This article is provided courtesy of Stars and Stripes, which got its start as a newspaper for Union troops during the Civil War, and has been published continuously since 1942 in Europe and 1945 in the Pacific. Stripes reporters have been in the field with American soldiers, sailors and airmen in World War II, Korea, the Cold War, Vietnam, the Gulf War, Bosnia and Kosovo, and are now on assignment in the Middle East.
Stars and Stripes has one of the widest distribution ranges of any newspaper in the world. Between the Pacific and European editions, Stars and Stripes services over 50 countries where there are bases, posts, service members, ships, or embassies.
Stars and Stripes Website
WASHINGTON -- The Pentagon and the White House are weighing whether a new law that ensures military members as well as some Defense Department civilians keep getting paid during the government shutdown could be used to bring furloughed civilians back to work.
Federal legislators who passed the law, meanwhile, say the Pentagon has the authority now to end the DOD civilian furloughs.
On Tuesday, as hundreds of thousands of DOD employees went on furlough, Pentagon lawyers sent a legal brief to the White House Office of Management and Budget that a defense official, speaking on the condition of anonymity, said had "recommended maximum flexibility" in interpreting the "Pay Our Military Act."
The act, signed into law late Monday, authorizes paychecks for military members as well as DOD civilians who Defense Secretary Chuck Hagel determines "are providing support to members of the Armed Forces."
The questions of how broadly "providing support" could be interpreted and how many of an estimated 400,000 furloughed civilians might return to work were being ironed out Wednesday as executive branch attorneys mulled the legal requirements of a government shutdown brought on by a deadlocked Congress' inability to pass by midnight Monday a measure to fund federal operations.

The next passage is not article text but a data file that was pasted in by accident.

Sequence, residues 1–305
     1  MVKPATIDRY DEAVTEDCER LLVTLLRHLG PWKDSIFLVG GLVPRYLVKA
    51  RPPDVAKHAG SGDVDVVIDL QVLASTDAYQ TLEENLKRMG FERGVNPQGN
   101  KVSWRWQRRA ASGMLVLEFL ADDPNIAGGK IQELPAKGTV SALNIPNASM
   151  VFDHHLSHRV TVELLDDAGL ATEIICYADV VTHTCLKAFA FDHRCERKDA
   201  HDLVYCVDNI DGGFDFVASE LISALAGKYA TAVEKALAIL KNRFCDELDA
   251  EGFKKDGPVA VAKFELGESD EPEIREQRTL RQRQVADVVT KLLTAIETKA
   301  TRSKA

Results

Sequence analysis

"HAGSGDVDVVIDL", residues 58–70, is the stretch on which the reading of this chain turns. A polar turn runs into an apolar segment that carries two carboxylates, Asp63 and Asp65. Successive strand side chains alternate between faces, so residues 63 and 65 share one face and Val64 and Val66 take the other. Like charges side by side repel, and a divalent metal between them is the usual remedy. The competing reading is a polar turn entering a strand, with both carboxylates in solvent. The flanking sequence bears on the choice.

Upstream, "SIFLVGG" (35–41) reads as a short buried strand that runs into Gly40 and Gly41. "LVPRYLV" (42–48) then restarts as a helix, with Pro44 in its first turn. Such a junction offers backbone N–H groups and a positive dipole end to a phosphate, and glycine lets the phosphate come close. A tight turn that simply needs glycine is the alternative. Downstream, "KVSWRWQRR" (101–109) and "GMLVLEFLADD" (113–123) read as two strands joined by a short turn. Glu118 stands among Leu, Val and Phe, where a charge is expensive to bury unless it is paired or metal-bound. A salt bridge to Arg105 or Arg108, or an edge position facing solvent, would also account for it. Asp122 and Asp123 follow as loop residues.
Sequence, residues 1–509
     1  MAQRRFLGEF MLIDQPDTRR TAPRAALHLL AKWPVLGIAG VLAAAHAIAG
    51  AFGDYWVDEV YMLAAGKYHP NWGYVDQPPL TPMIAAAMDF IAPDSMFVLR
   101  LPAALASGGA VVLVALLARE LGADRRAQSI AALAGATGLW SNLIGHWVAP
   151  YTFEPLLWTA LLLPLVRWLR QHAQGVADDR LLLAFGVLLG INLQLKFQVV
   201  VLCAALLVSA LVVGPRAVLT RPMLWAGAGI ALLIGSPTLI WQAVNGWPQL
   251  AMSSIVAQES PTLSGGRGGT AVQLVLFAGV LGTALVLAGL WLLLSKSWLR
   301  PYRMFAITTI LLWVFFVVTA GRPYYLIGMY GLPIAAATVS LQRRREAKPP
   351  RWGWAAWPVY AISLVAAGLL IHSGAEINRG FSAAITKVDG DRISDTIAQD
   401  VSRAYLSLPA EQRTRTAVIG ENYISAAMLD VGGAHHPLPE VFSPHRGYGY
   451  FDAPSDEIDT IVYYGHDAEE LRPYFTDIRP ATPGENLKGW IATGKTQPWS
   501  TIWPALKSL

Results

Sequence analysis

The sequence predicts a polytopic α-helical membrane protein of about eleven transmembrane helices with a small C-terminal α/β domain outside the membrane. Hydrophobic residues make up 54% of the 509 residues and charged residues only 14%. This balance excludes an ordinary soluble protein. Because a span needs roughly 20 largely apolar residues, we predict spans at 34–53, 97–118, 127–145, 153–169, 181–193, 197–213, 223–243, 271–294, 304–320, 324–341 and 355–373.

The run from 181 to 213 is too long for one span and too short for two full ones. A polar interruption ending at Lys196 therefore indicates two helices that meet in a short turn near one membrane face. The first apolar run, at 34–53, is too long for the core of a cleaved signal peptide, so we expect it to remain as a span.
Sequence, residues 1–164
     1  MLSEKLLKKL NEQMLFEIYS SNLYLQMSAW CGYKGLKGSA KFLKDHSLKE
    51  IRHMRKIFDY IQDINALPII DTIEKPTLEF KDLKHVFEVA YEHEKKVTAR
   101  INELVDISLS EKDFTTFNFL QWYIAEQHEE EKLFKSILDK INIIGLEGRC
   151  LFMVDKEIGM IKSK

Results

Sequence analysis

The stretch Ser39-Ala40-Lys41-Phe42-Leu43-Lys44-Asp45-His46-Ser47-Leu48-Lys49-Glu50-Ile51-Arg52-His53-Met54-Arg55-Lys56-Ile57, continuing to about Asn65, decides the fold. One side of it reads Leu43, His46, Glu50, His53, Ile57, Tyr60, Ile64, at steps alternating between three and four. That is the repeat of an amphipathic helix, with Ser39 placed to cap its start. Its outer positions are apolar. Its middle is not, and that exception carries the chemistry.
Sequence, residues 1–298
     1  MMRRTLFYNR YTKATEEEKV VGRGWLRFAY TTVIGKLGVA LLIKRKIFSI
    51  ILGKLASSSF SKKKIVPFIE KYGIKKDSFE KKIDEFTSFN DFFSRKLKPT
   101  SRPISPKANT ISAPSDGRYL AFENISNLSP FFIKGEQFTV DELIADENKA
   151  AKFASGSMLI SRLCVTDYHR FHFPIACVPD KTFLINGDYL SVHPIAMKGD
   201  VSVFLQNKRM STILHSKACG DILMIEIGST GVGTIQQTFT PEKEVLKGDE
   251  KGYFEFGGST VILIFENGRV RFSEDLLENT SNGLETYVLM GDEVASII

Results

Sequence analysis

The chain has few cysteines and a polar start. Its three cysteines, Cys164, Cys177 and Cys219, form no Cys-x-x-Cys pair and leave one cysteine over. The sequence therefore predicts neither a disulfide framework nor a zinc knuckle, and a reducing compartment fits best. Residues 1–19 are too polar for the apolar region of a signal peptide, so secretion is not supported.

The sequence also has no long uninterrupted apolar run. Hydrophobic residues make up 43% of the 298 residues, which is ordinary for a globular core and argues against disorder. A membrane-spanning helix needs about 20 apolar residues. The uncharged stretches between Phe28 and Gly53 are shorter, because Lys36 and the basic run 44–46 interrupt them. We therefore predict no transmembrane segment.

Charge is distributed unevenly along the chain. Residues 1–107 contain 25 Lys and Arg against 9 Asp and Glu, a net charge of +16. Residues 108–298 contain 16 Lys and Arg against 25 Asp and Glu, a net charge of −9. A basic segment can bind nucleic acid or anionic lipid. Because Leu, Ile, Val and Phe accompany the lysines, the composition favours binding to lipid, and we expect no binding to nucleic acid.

In a letter sent Tuesday to Hagel, Rep. Buck McKeon, R-Calif., chairman of the House Armed Services committee, told Hagel that DOD civilians who are currently sitting at home are actually authorized to work by the new law.
"I believe the legislation provides you broad latitude and I encourage you to use it," McKeon wrote. "The text does not limit the provision of pay to civilians who were previously categorized by the Administration as "excepted" or "essential" … Therefore, I strongly encourage you to use the authority Congress has given you to keep national security running, rather than keeping defense civilians at home when they are authorized to work."
In another letter sent Monday to Hagel, Rep. Michael R. Turner, R-Ohio, said all furloughed employees at Wright-Patterson Air Force Base in his district provide support for the military, as specified in the new law, and thus should be allowed to work.
"The law is clear and provides the department as well as the United States Coast Guard with authority to immediately call its civilian employees back to work," Turner wrote. The Coast Guard falls under the Department of Homeland Security.
Earlier Tuesday, Hagel said the Pentagon was looking for ways to reduce the number of furloughed civilians.
"Our lawyers are now looking through the law that the president signed … to see if there's any margin here, or widening in the interpretation of the law of exempt versus non-exempt civilians," he said. "But it's a priority that we have, that we're working on right now. It's, in fact, the priority in our general counsel's office."
|Government Shutdown Furloughs Military Pay|